“The Palestinian media also glorifies and encourages martyrdom in the fight to liberate Palestine from the River to the Sea – meaning to eliminate Israel – and broadcasts songs and videos advocating to kill Jews and Israelis,” she said.
Rovner explained to the committee that the minority population in the Palestinian territories was very small, that Christians were a persecuted minority there and that there was no Jewish community living under PA control.
During the formal meeting with the Palestinian delegation later in the afternoon, committee member Bakari Sidiki Diaby asked: “Is there a Jewish minority in Palestine, and how is the Jewish community represented in the media? How are the other minorities represented?”
Diaby added that, “I failed to find any reference to any laws that protect human rights defenders in the country. Many people will be rising to defend causes and human rights, and to counter hate speech and racial discrimination. Do you have a legal framework enabling you to protect these people?” he asked.
For over two hours, committee members posed questions to the Palestinian delegation about areas of concern regarding its report.
Chung noted that the delegation had focused at least a portion of its report on Israeli actions against Palestinians and the issues relating to the Israeli “occupation” and settlement building.
These issues are known and debated elsewhere, she said. “The Israeli settlements are not only illegal under international law but also present an obstacle to the enjoyment of human rights by the whole population,” Chung said.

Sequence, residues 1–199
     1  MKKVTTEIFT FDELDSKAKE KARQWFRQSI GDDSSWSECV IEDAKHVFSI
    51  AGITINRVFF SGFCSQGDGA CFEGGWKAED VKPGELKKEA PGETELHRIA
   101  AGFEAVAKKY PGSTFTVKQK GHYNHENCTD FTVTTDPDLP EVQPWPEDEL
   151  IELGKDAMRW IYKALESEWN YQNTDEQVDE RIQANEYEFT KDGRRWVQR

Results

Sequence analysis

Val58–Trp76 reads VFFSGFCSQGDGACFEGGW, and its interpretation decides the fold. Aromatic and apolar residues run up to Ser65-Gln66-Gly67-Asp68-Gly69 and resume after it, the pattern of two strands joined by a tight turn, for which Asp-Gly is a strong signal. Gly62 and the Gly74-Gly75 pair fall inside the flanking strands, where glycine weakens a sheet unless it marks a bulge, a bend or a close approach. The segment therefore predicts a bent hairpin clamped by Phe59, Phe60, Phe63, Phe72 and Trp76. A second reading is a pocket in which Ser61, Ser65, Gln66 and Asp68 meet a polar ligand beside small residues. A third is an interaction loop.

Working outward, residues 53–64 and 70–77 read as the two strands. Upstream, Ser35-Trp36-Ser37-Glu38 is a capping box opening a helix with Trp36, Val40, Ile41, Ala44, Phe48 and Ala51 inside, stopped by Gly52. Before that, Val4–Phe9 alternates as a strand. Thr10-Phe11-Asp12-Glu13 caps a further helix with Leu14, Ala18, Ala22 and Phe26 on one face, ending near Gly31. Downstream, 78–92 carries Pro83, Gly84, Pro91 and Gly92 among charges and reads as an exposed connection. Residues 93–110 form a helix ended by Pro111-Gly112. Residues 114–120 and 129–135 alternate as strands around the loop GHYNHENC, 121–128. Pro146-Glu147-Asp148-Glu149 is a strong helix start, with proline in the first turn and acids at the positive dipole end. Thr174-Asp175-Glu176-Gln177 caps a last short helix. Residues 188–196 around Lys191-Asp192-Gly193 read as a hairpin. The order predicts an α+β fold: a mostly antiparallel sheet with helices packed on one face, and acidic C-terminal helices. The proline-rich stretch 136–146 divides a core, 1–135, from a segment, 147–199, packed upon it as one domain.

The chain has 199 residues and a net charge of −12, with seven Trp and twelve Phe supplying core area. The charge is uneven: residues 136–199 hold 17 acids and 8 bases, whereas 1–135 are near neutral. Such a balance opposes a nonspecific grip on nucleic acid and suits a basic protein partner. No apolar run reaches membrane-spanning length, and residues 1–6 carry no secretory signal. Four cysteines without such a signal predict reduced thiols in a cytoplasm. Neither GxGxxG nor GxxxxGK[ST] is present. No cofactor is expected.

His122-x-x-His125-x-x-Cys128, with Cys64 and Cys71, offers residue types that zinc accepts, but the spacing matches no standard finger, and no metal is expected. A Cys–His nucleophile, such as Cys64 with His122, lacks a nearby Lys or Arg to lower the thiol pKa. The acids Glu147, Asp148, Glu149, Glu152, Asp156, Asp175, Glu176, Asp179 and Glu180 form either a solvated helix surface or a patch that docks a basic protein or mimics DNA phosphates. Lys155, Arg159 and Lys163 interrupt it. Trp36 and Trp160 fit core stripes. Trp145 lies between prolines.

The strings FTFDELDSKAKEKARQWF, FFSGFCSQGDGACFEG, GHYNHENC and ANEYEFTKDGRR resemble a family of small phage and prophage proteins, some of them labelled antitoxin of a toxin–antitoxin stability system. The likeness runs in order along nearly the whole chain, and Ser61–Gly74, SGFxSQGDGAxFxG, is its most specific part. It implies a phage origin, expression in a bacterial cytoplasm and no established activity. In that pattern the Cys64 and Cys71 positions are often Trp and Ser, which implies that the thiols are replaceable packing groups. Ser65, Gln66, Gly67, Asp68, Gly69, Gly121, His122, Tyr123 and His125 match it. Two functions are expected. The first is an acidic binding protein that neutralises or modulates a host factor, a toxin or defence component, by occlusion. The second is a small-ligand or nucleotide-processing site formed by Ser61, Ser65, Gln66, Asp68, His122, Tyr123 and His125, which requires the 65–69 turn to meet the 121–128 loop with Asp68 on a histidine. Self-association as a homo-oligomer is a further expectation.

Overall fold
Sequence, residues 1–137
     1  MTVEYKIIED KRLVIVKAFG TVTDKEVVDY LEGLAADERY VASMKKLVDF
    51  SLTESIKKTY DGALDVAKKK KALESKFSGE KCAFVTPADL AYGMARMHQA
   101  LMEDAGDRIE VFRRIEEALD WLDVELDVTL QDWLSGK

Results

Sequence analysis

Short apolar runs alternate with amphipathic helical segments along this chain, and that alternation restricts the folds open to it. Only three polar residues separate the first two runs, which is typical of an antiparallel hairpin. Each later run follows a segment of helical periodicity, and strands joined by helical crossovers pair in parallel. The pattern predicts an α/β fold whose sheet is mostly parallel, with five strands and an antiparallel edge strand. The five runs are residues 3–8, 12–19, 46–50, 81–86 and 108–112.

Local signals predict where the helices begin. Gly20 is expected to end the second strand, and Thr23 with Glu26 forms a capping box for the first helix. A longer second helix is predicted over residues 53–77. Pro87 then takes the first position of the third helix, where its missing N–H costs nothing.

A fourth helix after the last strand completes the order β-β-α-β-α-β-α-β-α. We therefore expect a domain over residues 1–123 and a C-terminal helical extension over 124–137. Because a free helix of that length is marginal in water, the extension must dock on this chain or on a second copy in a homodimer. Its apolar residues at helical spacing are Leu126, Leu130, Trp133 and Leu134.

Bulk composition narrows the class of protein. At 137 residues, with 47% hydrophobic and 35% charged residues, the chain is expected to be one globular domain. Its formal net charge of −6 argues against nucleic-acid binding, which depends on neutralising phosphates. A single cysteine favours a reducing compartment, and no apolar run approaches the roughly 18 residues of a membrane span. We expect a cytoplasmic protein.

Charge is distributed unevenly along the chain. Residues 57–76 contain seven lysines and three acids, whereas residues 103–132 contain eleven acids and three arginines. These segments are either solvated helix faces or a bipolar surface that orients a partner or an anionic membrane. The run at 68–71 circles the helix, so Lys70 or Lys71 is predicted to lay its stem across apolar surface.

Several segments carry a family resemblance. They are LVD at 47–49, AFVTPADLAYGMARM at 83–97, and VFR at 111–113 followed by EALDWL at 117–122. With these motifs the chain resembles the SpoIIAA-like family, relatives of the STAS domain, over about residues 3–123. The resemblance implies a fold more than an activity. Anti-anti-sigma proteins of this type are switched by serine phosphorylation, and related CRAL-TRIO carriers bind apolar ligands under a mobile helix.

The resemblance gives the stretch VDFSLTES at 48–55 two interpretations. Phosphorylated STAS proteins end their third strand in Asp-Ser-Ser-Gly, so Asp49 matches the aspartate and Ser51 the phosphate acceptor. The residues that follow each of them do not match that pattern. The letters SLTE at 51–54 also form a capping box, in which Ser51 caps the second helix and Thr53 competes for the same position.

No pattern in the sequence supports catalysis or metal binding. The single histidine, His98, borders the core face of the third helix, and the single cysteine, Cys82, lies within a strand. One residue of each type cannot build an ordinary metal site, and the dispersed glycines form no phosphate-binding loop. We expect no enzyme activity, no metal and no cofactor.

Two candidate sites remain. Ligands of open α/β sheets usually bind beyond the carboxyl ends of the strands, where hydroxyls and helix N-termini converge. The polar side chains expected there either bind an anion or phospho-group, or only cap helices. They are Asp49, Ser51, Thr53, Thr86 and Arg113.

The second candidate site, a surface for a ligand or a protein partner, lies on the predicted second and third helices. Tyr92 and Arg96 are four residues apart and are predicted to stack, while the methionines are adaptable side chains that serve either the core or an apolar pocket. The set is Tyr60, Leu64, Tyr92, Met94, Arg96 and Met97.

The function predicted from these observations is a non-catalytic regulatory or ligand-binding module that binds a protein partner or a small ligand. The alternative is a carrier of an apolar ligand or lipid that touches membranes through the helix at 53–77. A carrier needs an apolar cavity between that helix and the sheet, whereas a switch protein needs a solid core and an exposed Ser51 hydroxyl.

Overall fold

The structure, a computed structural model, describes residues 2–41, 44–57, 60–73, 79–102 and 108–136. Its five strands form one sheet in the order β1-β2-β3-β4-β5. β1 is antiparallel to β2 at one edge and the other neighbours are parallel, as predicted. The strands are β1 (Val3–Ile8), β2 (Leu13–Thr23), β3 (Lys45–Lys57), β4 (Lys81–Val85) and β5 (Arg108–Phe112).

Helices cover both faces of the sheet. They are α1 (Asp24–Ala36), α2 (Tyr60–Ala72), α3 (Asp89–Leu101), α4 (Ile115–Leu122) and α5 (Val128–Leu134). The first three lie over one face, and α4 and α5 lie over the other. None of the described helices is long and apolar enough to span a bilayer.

But the purpose of this committee is to focus on “human rights problems among the Palestinians themselves,” which the Palestinian government is responsible for correcting, she said.
Chung particularly asked about treatment of Druze and Circassians under the PA.
Committee members asked for better data on minorities in the Palestinian territories; application of the convention; and the process of creating and applying laws against racism and discrimination, particularly with regard to hate crimes.
They noted the lack of clear involvement of non-governmental groups in the governmental report and the submission of only five independent reports to the committee, of which four came from outside the Palestinian territories.
They asked what steps if any had been taken to reduce the number of Palestinian refugees. Questions were also posed about human trafficking and discrimination against women, including with regard to marriage, domestic violence and property laws.
The PA delegation is slated to respond to those questions on Wednesday.
The UN does not recognizes Palestine as a member state. Since its UN designation in 2012 as a non-member state, however, the PA has had the ability to sign onto treaties and conventions, such as the one on racial discrimination. It has already signed onto seven out of nine UN human rights treaties that require a review of its human rights record, just as if it was any member state.
The PA’s record on its treatment of women was already reviewed in July 2018, and in January 2020, the UN’s Committee on the Rights of the Child will similarly review the PA’s record.